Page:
The WSJ then connects the dots between how the Weiner emails were linked to the Clinton reopening of the Clinton probe, despite Loretta Lynch's and the DOJ's vocal urges not to do so:
At a meeting early last week of senior Justice Department and FBI officials, a member of the department’s senior national-security staff asked for an update on the Weiner laptop, the people familiar with the matter said. At that point, officials realized that no one had acted to obtain a warrant, these people said.
Mr. McCabe then instructed the email investigators to talk to the Weiner investigators and see whether the laptop’s contents could be relevant to the Clinton email probe, these people said. After the investigators spoke, the agents agreed it was potentially relevant.
Mr. Comey was given an update, decided to go forward with the case and notified Congress on Friday, with explosive results. Senior Justice Department officials had warned Mr. Comey that telling Congress would violate well-established policies against overt actions that could affect an election, and some within the FBI have been unhappy at Mr. Comey’s repeated public statements on the probe, going back to his first press conference on the subject in July.
But wait it gets better.
Recall that this is the same Andrew Mcabe whose wife the Wall Street Journal reported last week received $467,500 in campaign funds in late 2015 from the political action committee of Virginia Gov. Terry McAuliffe, a longtime ally of the Clintons and, until he was elected governor in November 2013, a Clinton Foundation board member.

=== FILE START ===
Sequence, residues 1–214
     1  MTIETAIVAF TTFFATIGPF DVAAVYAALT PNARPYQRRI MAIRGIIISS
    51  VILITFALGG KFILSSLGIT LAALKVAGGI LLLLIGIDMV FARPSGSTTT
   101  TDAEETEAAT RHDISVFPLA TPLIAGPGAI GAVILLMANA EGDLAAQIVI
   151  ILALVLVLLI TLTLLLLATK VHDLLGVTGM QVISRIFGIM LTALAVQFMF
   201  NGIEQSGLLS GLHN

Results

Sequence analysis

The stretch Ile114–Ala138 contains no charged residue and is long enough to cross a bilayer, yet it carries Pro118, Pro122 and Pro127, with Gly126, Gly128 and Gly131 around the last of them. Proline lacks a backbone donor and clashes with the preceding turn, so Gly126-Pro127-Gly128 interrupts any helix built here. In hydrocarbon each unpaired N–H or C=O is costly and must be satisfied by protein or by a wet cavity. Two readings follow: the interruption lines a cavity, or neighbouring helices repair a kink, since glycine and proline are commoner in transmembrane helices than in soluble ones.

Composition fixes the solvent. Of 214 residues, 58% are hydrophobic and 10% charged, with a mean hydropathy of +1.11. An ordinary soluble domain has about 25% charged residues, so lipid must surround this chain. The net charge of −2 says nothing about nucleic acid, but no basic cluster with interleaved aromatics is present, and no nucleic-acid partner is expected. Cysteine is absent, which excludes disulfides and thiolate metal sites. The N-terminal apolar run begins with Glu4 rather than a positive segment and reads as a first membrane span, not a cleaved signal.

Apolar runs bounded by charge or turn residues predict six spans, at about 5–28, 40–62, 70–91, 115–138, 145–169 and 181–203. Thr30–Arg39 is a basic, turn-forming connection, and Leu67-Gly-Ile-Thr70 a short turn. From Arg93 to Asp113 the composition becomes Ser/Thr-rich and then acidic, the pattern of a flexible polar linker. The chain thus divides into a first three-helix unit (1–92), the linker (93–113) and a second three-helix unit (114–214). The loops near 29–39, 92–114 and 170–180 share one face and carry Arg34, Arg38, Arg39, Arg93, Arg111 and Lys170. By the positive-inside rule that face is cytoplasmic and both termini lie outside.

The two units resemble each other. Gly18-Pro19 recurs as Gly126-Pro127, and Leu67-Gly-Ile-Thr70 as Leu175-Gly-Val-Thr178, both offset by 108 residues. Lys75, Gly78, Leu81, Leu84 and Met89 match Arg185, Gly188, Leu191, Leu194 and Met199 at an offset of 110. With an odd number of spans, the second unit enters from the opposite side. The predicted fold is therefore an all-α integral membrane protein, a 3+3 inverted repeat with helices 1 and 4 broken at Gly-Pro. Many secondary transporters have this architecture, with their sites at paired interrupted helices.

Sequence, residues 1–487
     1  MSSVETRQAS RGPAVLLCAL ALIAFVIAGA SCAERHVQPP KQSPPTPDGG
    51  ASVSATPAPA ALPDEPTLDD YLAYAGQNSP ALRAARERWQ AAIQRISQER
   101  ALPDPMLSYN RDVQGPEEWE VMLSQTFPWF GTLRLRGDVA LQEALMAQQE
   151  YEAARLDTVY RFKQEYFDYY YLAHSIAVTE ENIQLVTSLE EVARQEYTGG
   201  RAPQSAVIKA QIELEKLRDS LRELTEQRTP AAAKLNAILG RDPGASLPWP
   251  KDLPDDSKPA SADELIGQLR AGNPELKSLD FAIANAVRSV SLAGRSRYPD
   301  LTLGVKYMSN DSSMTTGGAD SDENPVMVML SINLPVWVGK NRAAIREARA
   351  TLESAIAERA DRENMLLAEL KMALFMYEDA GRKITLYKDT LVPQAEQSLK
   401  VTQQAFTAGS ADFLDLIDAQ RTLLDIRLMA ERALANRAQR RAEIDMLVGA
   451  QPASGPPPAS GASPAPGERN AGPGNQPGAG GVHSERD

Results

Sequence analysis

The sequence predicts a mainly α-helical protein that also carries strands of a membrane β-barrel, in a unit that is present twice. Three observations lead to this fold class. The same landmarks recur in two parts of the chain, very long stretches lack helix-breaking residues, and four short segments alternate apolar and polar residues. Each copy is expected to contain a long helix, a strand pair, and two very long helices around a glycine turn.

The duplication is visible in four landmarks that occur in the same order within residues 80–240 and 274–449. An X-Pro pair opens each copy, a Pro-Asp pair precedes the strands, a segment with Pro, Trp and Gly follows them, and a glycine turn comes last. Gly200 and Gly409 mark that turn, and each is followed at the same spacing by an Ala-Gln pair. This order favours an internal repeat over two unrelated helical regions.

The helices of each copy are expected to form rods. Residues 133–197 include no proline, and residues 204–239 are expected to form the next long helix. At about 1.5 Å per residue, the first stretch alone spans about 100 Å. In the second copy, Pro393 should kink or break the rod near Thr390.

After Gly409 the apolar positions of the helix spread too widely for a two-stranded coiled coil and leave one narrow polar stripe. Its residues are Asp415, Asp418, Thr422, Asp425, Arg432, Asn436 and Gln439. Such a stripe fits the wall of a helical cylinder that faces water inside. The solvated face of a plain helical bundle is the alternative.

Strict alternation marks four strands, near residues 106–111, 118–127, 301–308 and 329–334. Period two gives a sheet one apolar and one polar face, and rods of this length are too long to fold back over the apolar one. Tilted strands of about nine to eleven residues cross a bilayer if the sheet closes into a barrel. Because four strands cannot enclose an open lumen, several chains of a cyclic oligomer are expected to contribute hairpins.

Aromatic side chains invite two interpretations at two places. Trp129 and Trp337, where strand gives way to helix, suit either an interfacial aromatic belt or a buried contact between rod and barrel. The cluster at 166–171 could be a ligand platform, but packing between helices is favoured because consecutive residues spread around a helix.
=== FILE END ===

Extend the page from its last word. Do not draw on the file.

Mr. McAuliffe had supported Dr. McCabe in the hopes she and a handful of other Democrats might help win a majority in the state Senate, giving Mr. McAuliffe more sway in the state capitol. Dr. McCabe lost her race last November, and Democrats failed to win their majority.
FBI officials have said Mr. McCabe had no role in the Clinton email probe until he became deputy director, and there was no conflict of interest because by then his wife’s campaign was over.
A tangent on the Clinton Foundation probe:
The Washington field office was probing financial relationships
involving Mr. McAuliffe before he became a Clinton Foundation board
member, these people said. Mr. McAuliffe has denied any wrongdoing, and
his lawyer has said the probe is focused on whether he failed to
register as an agent of a foreign entity. The FBI field office in New York had done the most work on the Clinton Foundation case and received help from the FBI field office in Little Rock, the people familiar with the matter said.
In February, FBI officials made a presentation to the Justice Department, according to these people. By all accounts, the meeting didn’t go well.
Some said that is because the FBI didn’t present compelling evidence to justify more aggressive pursuit of the Clinton Foundation, and that the career public integrity prosecutors in the room simply believed it wasn’t a very strong case. Others said that from the start, the Justice Department officials were stern, icy and dismissive of the case.
“That was one of the weirdest meetings I’ve ever been to,” one participant told others afterward, according to people familiar with the matter.